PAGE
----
Sometimes you wonder if you’re the only one who remembers something; then a little digging on the Internet and you find evidence to support your memories.
On Fridays, especially in the fall, I think about the fish sandwiches we used to get from a place called Larry’s Dinner Bell. As soon as Dad arrived home from the Cincinnati Water Works around 4:30, we’d hop in the car and drive over to Southgate, Kentucky. (I couldn’t have told you it was in Southgate; I wasn’t positive where it was until I started playing around on Google maps.)
It was a long trip, but I remember that ride with pleasure. Even though we were out in the thick of rush hour traffic, there was a holiday air with the start of the weekend. I always picture it as a sunny evening with the leaves in full color in the hills on either side of the Ohio River as we rode along Columbia Parkway toward the downtown bridges. I’m sure we went in the winter and spring as well as fall, but memory is funny that way. It captures moments in details we recall with the most delight.
Larry’s Dinner Bell was in what I remember as an old brick house on some Northern Kentucky boulevard. I knew we drove through Newport, and I was pretty sure we drove past the Newport Shopping Center. Somewhere beyond that point lay the Dinner Bell. I picture a long building with a second-floor porch along the side that overlooked a parking lot shaded by big trees. I thought maybe the railing of that porch was decorative, maybe wrought iron or wood slats with curves or cut-out motifs.
We’d wait in the car (whichever of us kids went along; Mom usually stayed home to get the table ready) while Dad went up to a window to pick up the fish sandwiches. It may have been a cottage-style door with a top that opened. I’m not sure you could even eat at the Dinner Bell; we always picked up our fish sandwiches and always on Friday evening. I know the Dinner Bell did catering because Mom served their carryout dishes at my youngest brother’s First Communion in 1968.
Dad would return to the car with a whopping parcel. Inside were hot fish sandwiches wrapped in wax paper. There usually was a foam, lidded carton of tartar sauce as well.
It was probably an hour’s drive in those days before Interstate routes to travel from Southgate back to Oakley, an eastern suburb of Cincinnati. All the way our stomachs grumbled and our mouths watered in anticipation of those sandwiches. Sometimes it seemed we’d never get home.
Mom would already have plates and silverware on the table. For some reason Dad always performed the routine of opening each sandwich, then piling the fish filets on one plate and the bread on another. The cod pieces were enormous, so breaking down the sandwiches allowed us have our fill of fish on Friday with some left over for lunch on Saturday.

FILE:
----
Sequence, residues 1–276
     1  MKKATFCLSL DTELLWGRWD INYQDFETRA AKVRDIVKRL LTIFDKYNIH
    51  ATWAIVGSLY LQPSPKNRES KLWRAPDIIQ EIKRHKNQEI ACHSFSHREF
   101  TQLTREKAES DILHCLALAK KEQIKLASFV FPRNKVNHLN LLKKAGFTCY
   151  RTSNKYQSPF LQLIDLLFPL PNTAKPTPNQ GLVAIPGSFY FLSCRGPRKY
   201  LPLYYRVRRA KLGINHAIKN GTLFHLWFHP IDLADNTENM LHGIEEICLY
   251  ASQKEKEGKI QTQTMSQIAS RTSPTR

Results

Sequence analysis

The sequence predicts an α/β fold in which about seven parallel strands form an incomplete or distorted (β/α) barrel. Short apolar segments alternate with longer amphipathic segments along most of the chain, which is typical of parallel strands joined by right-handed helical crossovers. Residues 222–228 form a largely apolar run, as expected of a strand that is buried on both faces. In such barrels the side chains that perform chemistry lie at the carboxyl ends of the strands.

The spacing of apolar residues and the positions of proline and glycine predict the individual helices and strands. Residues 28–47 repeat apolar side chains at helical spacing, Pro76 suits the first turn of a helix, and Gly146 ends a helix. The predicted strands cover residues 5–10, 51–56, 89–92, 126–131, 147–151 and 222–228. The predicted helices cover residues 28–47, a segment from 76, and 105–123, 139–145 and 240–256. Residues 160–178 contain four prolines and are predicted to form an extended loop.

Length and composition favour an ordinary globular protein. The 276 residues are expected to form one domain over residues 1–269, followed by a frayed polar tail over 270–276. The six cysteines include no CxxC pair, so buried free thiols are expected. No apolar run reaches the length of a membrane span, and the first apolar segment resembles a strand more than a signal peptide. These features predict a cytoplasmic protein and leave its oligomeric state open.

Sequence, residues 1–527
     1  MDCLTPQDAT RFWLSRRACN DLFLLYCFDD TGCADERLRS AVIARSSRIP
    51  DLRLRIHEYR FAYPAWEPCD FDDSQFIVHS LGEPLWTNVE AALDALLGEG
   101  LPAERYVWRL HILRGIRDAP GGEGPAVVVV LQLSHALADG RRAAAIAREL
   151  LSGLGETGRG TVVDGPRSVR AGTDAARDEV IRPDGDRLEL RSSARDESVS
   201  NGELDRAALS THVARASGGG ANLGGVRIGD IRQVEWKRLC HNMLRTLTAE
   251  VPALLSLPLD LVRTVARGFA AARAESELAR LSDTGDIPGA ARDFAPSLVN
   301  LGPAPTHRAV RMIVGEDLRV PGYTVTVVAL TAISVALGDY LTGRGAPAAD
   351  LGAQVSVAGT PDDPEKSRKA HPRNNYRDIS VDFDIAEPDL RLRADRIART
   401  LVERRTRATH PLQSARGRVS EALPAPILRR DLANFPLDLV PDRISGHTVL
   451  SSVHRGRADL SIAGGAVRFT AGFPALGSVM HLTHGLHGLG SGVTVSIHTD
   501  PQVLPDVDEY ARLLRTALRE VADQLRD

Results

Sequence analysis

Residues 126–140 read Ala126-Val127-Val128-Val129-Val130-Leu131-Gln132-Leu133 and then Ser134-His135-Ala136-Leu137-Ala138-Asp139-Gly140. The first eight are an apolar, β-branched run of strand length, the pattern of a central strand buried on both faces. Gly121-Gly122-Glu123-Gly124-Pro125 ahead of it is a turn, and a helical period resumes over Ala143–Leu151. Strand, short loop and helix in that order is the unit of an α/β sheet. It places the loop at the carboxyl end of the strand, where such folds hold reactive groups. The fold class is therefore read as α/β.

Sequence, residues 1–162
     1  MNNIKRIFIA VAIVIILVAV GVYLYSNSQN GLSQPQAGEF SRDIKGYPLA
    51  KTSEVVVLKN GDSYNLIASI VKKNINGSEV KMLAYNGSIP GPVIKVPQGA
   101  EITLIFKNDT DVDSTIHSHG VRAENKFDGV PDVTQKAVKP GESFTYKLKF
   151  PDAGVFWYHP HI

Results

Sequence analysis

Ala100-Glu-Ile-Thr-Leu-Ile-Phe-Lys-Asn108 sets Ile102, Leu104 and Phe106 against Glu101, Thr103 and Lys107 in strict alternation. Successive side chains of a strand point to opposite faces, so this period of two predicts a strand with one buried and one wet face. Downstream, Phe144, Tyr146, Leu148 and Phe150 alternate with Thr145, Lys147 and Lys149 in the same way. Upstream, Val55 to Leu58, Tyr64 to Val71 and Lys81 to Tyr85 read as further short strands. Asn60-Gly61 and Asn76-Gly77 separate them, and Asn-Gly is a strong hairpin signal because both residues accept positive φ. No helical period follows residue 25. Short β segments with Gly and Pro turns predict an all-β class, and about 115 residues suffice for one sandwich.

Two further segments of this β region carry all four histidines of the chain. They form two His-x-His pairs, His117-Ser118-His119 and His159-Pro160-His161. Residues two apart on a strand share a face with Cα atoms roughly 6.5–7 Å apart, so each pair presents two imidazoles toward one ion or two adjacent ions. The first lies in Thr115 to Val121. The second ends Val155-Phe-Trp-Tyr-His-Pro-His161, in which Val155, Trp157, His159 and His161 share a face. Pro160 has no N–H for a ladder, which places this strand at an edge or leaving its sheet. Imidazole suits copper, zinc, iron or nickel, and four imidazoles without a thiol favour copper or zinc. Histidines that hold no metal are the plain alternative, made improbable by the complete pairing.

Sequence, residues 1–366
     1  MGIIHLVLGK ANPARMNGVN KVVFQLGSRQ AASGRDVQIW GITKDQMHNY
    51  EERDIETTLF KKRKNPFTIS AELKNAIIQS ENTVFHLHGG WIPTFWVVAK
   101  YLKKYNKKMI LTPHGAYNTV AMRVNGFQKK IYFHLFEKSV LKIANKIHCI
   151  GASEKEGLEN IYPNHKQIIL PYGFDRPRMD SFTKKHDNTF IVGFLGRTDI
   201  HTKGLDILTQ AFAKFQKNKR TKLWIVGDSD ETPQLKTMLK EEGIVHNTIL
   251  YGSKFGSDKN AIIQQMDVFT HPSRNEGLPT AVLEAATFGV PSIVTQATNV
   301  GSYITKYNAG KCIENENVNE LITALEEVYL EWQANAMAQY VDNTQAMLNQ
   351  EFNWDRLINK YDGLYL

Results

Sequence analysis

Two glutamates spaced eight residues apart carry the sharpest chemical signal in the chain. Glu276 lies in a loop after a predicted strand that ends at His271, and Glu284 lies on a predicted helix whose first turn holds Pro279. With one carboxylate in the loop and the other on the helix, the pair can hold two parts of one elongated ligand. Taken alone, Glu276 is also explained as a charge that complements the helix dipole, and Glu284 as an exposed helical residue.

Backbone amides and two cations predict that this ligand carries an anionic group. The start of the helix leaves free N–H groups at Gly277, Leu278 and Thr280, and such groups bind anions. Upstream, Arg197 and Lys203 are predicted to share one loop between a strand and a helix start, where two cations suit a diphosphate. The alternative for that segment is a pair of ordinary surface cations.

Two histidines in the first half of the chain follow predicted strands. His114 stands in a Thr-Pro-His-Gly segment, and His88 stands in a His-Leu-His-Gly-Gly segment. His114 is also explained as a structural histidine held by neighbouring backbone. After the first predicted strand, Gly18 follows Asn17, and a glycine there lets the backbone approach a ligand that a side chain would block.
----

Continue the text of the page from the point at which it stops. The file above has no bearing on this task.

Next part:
The sandwiches steamed a bit on the homeward drive, so the breading was falling off a bit, and the bread was kind of limp. But that fish was tender and sweet, and the bread was better than your average grocery store commercial loaf. It had substance and a chewy crust, so even if it was a little moist, it was delectable. A dollop of tartar sauce with its bits of pickle relish added a spark to the overall flavor.
I’m not sure when Larry’s Dinner Bell stopped serving fish sandwiches; I don’t know if unavailability was the reason we stopped going over to Kentucky for carry-out orders, or if it was a combination of other conditions, including my father’s increasing alcohol-fueled problems. I wondered if that old building was evening standing, so I went to Google maps, retraced what I thought was our old driving route, and “drove” visually up Alexandria Pike using the street view.
I saw lots of ugly muffler shops, strip malls, and fast food joints. I didn’t see anything that resembled what I remembered the old house looking like, or even a spot where it might have stood. However, a further Internet search yielded a couple of treasures. This October 15, 1998, Enquire article by Karen Samples laments the impending destruction of the old Dinner Bell building. It also provides the name of the owner, Larry Rust, and even specifies “iron balconies and intricate window details.” It also describes how Larry closed the restaurant when his catering business flourished, opening only on Fridays to sell those fish sandwiches I remember so fondly.
I also found this 2004 Enquirer article about the Friday fish dinner tradition at Cincinnati-area churches. It quotes a customer proclaiming the fish dinner at the Elks lodge on Alexandria Pike as “‘the best fish since Larry Rust,’ who made legendary fish sandwiches as owner of the Dinner Bell in Southgate.”
For some reason, both stories make me feel so much better. Someone else treasured those sandwiches as well. Someone else was impressed by that old brick house with the upstairs iron railing. What I wonder is, how many people drove all the way to Southate from eastern Cincinnati on Friday evenings just for those fish sandwiches?
Nudge: Indulge in some Internet sleuthing. Pick a memory, good or bad, about a place that no longer exists. It’s all the better if you’re not sure where this place was. First, write down all the impressions you can about the physical appearance of the location, what you did there, what you liked or didn’t like, and anything else you can think of. See what you can find out about it. Find out if it’s still there; if not, what has replaced it? Does anyone else on the World Wide Web share your memories? Write about the place or experience in whatever way you prefer, simply as a memory piece or describe your search and how you feel about the results.